No. 4: Multiple rotation players are coming

The Sixers are still early in the process of integrating the newcomers acquired in the James Harden trade: Robert Covington, Marcus Morris Sr., KJ Martin and Nic Batum — particularly Batum, whose first handful of days after the trade were spent away from the team for personal reasons, and saw his first action Monday night against the Wizards and knocked down three triples.

Morris Sr. likely does not fit into the team's long-term rotation plans at this juncture, while Martin represents a wild card of sorts as a young, athletic piece who Nurse could get creative with down the lone.

Covington and Batum, though, likely figure into the team's calculus immediately as wings who provide different, unique skills to the table. Even after his athleticism has diminished some, Covington is a good option to defend the league's biggest and toughest wings thanks to his size, length and hands, and a high-volume spot-up shooter. Batum is a lightning-quick shooter who is also a very good passer for a wing. They should both add to what this team already has right now.

No. 5: Tyrese Maxey is becoming a playmaker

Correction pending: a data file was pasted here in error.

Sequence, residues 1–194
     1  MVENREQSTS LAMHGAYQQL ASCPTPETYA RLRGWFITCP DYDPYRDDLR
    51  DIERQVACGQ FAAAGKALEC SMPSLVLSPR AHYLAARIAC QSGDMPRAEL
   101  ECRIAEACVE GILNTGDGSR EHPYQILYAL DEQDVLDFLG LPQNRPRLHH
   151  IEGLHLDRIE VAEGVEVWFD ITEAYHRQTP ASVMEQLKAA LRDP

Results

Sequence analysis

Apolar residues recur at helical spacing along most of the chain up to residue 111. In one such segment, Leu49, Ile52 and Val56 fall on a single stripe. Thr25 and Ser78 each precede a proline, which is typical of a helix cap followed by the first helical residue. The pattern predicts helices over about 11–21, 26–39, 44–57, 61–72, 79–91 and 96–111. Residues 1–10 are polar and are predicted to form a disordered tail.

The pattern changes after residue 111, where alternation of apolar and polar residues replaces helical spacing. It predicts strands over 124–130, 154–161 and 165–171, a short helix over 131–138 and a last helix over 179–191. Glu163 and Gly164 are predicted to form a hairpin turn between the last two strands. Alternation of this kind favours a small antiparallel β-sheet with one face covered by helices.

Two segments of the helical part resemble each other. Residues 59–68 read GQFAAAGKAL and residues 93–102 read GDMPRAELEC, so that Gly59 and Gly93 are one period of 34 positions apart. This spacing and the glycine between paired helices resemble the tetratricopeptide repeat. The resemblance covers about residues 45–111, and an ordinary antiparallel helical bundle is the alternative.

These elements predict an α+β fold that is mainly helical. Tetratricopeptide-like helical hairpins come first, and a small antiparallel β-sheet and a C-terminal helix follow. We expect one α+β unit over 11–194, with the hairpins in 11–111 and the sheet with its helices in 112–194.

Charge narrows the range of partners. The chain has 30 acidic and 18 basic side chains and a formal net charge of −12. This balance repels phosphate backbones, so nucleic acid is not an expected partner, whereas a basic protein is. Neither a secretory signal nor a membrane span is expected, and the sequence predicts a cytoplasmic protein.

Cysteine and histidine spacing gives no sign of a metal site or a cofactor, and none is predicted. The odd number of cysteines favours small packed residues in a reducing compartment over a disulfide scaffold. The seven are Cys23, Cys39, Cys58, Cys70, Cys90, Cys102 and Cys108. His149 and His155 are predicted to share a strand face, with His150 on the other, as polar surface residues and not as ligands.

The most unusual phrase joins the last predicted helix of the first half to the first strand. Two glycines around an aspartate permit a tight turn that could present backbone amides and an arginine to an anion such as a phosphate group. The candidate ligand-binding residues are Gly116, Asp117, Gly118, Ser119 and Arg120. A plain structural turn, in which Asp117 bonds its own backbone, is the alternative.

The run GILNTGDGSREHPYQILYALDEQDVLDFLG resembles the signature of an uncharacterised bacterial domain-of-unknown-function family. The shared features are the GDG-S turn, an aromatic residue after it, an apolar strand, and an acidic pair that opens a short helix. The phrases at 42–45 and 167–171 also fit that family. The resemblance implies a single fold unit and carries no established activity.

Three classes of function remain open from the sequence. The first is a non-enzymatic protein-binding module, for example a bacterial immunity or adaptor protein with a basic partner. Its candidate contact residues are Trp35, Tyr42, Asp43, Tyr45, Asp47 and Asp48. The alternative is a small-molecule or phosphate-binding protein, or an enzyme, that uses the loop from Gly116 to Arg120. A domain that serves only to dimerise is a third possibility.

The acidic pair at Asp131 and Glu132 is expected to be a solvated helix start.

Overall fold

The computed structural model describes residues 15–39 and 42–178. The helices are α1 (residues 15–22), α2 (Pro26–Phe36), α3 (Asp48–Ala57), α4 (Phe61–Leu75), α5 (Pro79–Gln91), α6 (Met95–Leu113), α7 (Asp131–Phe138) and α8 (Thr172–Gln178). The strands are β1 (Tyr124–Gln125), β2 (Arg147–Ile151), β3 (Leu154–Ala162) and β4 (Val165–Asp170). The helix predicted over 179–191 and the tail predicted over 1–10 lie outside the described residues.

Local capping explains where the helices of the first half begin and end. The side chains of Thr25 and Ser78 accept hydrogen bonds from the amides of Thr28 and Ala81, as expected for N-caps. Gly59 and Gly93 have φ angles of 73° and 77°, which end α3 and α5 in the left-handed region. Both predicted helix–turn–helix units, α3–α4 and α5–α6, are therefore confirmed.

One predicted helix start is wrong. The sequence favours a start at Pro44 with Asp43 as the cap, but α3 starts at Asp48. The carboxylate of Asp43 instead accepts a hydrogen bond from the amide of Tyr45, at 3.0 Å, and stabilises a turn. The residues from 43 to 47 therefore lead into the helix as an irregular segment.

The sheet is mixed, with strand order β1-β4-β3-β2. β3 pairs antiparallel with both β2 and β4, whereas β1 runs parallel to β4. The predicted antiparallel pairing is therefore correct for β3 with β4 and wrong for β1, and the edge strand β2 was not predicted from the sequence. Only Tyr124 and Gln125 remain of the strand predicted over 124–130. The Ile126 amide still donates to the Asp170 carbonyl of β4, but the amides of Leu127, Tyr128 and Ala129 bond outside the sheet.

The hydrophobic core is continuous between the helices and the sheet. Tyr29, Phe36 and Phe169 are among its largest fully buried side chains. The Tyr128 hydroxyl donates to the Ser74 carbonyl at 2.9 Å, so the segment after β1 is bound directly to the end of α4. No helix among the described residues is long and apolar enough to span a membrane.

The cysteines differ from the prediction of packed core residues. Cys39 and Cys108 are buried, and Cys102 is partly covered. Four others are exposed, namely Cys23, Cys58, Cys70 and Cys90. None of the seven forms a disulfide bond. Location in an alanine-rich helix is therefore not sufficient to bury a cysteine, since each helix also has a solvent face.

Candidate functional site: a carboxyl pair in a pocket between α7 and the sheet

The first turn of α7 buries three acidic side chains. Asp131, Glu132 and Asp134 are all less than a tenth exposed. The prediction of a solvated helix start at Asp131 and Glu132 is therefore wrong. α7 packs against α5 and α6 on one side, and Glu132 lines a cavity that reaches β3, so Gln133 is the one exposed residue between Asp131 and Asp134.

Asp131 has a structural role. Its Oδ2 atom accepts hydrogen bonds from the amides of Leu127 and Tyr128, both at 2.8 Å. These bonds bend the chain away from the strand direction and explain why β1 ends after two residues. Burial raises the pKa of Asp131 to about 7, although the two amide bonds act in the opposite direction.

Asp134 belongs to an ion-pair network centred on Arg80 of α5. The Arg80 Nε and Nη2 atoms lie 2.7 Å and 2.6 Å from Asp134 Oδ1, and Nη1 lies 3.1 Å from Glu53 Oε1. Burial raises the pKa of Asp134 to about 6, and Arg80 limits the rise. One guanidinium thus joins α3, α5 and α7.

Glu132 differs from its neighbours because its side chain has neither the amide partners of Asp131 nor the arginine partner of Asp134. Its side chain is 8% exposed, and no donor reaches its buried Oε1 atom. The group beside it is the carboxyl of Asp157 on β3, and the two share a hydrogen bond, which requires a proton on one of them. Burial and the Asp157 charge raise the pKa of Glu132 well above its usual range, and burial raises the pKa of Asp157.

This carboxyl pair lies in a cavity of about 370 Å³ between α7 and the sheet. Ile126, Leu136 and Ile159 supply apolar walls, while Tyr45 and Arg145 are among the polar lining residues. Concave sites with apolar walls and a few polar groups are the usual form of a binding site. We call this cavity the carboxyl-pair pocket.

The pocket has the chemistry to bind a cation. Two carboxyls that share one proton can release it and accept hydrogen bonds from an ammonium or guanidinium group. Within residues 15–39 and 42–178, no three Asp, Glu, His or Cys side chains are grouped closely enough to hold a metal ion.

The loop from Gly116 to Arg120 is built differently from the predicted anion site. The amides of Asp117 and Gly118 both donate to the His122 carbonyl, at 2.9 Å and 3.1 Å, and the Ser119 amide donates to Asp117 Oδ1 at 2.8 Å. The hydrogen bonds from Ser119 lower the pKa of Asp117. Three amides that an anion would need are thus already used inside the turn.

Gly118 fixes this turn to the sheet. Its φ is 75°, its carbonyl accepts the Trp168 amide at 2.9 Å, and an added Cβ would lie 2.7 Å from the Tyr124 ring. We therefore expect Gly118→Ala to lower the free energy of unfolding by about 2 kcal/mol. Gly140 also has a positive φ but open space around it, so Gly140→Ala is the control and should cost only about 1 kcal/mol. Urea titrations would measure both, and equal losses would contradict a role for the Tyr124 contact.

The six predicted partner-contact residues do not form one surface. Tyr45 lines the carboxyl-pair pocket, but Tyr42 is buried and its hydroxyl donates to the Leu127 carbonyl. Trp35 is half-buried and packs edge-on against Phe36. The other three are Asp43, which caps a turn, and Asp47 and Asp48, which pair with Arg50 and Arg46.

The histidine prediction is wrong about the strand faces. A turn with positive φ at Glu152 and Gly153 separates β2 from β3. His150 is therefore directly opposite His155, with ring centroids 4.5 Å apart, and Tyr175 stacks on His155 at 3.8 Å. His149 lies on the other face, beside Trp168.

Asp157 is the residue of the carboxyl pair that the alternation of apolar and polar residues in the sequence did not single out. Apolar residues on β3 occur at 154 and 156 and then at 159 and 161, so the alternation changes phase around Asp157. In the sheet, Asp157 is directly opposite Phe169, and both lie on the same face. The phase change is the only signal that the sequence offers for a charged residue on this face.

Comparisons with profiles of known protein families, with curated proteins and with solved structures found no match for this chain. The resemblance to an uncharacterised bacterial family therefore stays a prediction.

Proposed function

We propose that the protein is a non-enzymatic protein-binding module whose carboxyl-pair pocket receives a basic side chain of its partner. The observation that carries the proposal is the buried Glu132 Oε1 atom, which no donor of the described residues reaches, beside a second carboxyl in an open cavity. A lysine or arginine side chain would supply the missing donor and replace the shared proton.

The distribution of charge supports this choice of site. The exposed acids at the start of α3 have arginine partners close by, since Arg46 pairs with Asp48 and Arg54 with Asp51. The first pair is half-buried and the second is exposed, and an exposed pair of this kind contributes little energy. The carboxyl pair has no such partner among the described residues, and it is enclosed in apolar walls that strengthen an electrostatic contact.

For a player as good as Maxey is, the offseason was filled with a lot more questions than one might expect. The subject: Maxey's playmaking, the one area of his game that hasn't improved rapidly over his first three years in the NBA. This was because of the knowledge that Harden had likely played his final game as a Sixer.

Nurse spoke at length during the team's training camp and preseason about his desire to see Maxey make strides here. Maxey has paid off those hopes early, averaging 7.3 assists per game — more than double his average from last season, and by far the best number of his career. Maxey is playing a different role and handling the ball much more often, yes — but even then, his turnovers are the lowest they have ever been in his three years as a regular rotation player.

It goes without saying that if Maxey continues to be this kind of facilitator, the Sixers — again — become much better than expected.

No. 6: They are figuring out how to win without Embiid

Embiid has played in every game for the Sixers so far this season. What he has not done, though, is watch his team suffer while he rests on the bench.

The Sixers' inability to hold up without Embiid has been an infamous storyline for as long as Embiid has been in the NBA. The revolving door of backup centers has finally led to success, though, as Paul Reed continues to be in the middle of non-Embiid lineups that are not just staying afloat, but thriving.

According to Cleaning The Glass, lineups featuring Reed — which often include Harris and Maxey — have a Net Rating of +12.4, a massive figure. Again, the Sixers are not just staying alive when Embiid rests -- they're blowing games open.